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Carroll Outdoors: A poppurri of fishing tips

Several of my regular fishing companions have been urging me to pass along some of the techniques we have learned and been using for years. OK, this is the first in an occasional series of tips.

Use your line hand

The line hand is the hand not holding the rod. When fly fishing, make an "O" with the thumb and forefinger (basically forming a large rod guide) to let the shooting line run through. Then clamp down with the line hand once the cast is completed - or even to stop a cast from going too far. This way you control the slack fly line and are instantly ready to strike, and strikes as soon as the fly touches down are not uncommon in almost all form of fly fishing.

Likewise when a fish strikes, I almost always set the hook with a strip strike, i.e., a pull down and back with the line hand and strike up and back with the rod. This is not overkill; I adjust the sharpness of each movement according to the situation. For example, the rod strike may only be a gentle lift with a fine leader and dry fly, whereas I'll use considerably more force to drive home a 3/0 hook into the jaw of a big striper.

Also use the line hand when spin fishing. Always close the bail manually, not by reeling. Then give a quick, forward tug on the line to prevent slack or a loop. This technique is particularly critical when using braided lines, light lures of heavy mono. (A tip of the hat to Ken Penrod)

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Bait and Switch

This old technique is standard practice in almost all my fishing and requires having two rods rigged and ready. When a fish swipes at a lures or hits and is not hooked, do not cast back with the same lures of fly. Cast with another lure, usually a slower moving, "dying action" type. Joe Bruce uses these combinations when fishing for bass, pickerel, snakeheads and other species: The first lure is a Swimmin' Fluke; the follow-up lure if a Super Fluke of Bullethead Darter fly. Joe claims a success rate of about 90% hookups with this technique. What seems to happen is that the fish, charged up by the first lure but a bit wary, briefly hovers in place, then will attack a second lure or fly with a different action.

It's hard to top Joe's choices for the second lure. But some other combinations in first lure, second lure order are: Buzzbait then soft plastic; spinnerbait then jig; popper then plastic worm; dry fly then soft hackle or unweighted nymph; frog then Senko type; "walk-the-dog lure then popper.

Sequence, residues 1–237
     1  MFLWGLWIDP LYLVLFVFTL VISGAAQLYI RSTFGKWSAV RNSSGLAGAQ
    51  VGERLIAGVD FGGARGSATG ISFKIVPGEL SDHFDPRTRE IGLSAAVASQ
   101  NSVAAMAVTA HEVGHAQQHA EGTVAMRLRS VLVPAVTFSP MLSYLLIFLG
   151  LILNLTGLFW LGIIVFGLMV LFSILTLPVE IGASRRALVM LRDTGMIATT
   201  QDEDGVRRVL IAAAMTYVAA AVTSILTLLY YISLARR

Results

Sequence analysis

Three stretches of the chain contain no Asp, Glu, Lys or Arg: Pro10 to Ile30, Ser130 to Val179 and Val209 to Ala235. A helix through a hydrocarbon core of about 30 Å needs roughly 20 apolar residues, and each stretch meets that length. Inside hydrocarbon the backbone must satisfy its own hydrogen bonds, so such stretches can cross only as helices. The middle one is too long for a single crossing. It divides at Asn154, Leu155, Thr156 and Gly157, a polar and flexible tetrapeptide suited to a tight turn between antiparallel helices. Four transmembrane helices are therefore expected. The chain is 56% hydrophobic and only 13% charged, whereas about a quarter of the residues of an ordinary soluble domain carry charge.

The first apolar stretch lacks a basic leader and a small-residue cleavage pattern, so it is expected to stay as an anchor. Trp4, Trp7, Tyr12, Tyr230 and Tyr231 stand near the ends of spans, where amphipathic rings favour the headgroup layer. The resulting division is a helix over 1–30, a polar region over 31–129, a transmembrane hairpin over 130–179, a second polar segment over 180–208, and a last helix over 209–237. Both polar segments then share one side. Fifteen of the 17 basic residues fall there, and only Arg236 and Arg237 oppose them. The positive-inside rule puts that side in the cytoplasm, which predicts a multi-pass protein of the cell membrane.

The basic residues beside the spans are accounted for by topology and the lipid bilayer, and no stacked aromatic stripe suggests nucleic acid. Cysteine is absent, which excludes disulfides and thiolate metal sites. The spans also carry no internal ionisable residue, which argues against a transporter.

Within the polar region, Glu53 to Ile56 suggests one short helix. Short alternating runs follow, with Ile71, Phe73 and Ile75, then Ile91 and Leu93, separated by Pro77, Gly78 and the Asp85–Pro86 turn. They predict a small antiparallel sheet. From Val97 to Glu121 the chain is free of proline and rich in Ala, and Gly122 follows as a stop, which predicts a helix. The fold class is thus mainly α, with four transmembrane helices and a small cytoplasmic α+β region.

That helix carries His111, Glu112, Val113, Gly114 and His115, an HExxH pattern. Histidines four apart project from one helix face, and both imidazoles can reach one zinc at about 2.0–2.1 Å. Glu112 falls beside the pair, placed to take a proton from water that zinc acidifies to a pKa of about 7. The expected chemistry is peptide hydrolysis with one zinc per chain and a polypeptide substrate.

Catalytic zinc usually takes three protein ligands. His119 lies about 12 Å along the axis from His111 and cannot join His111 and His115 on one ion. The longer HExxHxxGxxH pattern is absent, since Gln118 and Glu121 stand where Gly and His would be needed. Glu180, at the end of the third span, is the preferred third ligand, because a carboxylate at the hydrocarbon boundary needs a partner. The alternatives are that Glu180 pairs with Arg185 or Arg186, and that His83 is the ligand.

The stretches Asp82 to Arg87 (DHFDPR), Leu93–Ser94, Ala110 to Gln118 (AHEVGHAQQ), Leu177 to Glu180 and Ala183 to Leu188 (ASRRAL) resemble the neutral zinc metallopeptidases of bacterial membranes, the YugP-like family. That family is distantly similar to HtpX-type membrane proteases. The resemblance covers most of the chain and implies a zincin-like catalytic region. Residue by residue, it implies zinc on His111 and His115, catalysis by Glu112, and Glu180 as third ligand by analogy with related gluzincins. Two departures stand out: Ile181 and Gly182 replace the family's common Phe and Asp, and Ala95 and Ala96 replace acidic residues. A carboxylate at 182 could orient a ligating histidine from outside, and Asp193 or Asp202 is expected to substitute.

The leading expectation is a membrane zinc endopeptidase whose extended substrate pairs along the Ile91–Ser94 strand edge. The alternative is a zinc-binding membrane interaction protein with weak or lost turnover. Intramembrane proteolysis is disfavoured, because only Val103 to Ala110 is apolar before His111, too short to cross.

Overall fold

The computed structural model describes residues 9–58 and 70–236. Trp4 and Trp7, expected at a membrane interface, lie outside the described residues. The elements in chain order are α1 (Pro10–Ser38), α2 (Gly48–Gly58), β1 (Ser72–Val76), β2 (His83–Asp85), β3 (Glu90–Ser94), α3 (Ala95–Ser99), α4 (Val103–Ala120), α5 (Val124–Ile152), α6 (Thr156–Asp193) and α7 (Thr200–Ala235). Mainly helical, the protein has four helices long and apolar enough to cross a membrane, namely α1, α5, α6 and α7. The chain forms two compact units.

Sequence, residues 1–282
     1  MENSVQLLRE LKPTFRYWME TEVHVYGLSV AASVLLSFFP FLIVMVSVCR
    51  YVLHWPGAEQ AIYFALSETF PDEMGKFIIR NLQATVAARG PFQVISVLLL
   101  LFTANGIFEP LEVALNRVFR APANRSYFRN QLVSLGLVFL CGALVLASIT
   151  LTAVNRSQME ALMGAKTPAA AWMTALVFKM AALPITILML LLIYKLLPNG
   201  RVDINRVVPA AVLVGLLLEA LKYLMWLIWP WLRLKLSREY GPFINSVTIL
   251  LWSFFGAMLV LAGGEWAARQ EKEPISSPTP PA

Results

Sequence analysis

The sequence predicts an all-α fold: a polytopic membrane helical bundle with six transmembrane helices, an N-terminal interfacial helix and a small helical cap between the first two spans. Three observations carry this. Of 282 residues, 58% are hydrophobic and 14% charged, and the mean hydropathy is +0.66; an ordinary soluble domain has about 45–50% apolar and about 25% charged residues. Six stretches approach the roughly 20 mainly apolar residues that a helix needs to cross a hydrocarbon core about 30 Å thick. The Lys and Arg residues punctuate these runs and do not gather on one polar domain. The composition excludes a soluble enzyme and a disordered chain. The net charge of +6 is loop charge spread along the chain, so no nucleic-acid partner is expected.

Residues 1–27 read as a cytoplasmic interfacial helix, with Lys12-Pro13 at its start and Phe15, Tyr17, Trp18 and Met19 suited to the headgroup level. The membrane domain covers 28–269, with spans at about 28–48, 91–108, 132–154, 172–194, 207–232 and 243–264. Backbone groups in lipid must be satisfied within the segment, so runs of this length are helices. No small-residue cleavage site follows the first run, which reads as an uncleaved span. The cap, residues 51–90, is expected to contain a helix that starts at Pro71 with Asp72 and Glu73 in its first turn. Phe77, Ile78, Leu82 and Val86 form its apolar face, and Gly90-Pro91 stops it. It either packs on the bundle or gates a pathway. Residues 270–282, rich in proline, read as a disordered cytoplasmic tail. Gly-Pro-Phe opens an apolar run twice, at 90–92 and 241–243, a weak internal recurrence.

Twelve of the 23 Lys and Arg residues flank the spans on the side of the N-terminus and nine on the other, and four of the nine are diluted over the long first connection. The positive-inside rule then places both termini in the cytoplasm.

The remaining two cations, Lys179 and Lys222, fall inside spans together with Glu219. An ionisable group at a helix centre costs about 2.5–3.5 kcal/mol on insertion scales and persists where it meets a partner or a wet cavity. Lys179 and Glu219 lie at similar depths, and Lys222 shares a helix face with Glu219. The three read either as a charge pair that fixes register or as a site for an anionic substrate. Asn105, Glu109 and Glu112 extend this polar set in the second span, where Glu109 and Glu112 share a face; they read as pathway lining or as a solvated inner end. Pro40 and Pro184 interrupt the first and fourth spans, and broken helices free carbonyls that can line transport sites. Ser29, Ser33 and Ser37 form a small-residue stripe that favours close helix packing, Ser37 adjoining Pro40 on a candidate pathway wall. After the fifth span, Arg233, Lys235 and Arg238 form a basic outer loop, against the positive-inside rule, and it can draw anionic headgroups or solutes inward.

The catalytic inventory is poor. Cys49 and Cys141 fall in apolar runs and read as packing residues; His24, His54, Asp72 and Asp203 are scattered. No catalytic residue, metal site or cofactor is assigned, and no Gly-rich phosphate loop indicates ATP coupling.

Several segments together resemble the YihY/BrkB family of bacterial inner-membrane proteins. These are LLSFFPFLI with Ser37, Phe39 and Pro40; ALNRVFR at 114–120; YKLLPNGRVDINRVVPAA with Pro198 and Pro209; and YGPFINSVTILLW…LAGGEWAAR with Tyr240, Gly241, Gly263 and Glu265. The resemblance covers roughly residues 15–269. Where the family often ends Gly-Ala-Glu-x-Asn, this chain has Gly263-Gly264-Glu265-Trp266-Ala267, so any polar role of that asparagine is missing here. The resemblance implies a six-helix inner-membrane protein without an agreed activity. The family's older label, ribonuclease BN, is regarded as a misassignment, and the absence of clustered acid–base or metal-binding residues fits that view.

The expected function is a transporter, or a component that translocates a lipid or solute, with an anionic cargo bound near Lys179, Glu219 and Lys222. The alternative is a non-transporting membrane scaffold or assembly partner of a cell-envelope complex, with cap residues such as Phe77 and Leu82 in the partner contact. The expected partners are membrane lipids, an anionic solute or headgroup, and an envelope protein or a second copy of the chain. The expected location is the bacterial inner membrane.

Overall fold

Quiet!

More and more fishermen are learning how noise frightens fish. Move quietly and have all tackle ready when approaching a fishing area. Turn off the depth finder and electric motor. Try to use wind or current to cover the last distance to a spot. Anchor quietly. In aluminum boats and canoes, it is critical to muffle sound with some kind of sound absorbing mat or rug. Even loud talking can be detected in the water.

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Troll

When moving from spot to spot by rowing, paddling or use of an electric motor, trolling is a proven method for finding and catching fish. In shallow water, use a shallow running crankbait, like a floating/diving Rapala. In deeper waters, use a deep-running crankbait. One surprise lure for deeper, open water is a big inline spinner, such as a #4 or #5 Mepps Spinner attached via a strong snap swivel. Harry Pippin and I found in conversation one day that we had both discovered and had success with this technique. Not only have I taken some big bass this way but taken some in surprising places, e.g., I caught a big smallmouth in 40 feet of water in Triadelphia Reservoir trolling a crappie jig that couldn't have been running move than a couple of feet deep.

Bubbles for bass and other fish

Fish, including baitfish, need oxygen. In fishing rivers, like the Potomac, look for lines of bubbles where water runs through shallow riffles then slows down into channels and pools below. These oxygenated water areas are ideal holding spots for smallmouth bass and all kinds of aquatic life.

Versatile Tackle

The mid-Atlantic offers a diverse menu of fishing opportunities. Yet some standard tackle can work for a wide variety of fishing. For conventional tackle, use a 6 1/2-foot, high-graphite, fast-action rod, add a quality spinning reel with two spools. Use 8-pound test, green monofilament on one spool; use 15-pound test braid with a 15 to 20-pound fluorocarbon leader on the other. This combination can be used for largemouth and smallmouth bass, pickerel, perch, panfish, catfish walleye and most light tackle saltwater fishing for species such as stripers, trout, perch and flounder. Though a bit heavy and stiff for trout, it will do the job.

For fly tackle, use a 9-foot, high-graphite 7 or 8-weight rod. Add a moderately-priced reel with a good drag and also with two spools. Use a floating line on one spool and a fast-sinking line on the other. Leaders must be customized for the species. This combination will work for most of the aforementioned species. Though a bit heavy for trout, it can be used for streamer fishing, and 7-weights are popular in many Western rivers. An 8-weight is better for saltwater poppers, but, in fact, most saltwater fly fishing is with streamers and sinking lines.

Drop down for stripers

Usually, not always, when a school of stripers or mixed school with stripers is located, the bigger fish are deeper. Let your fly or lure drop down to get a chance for these fish.

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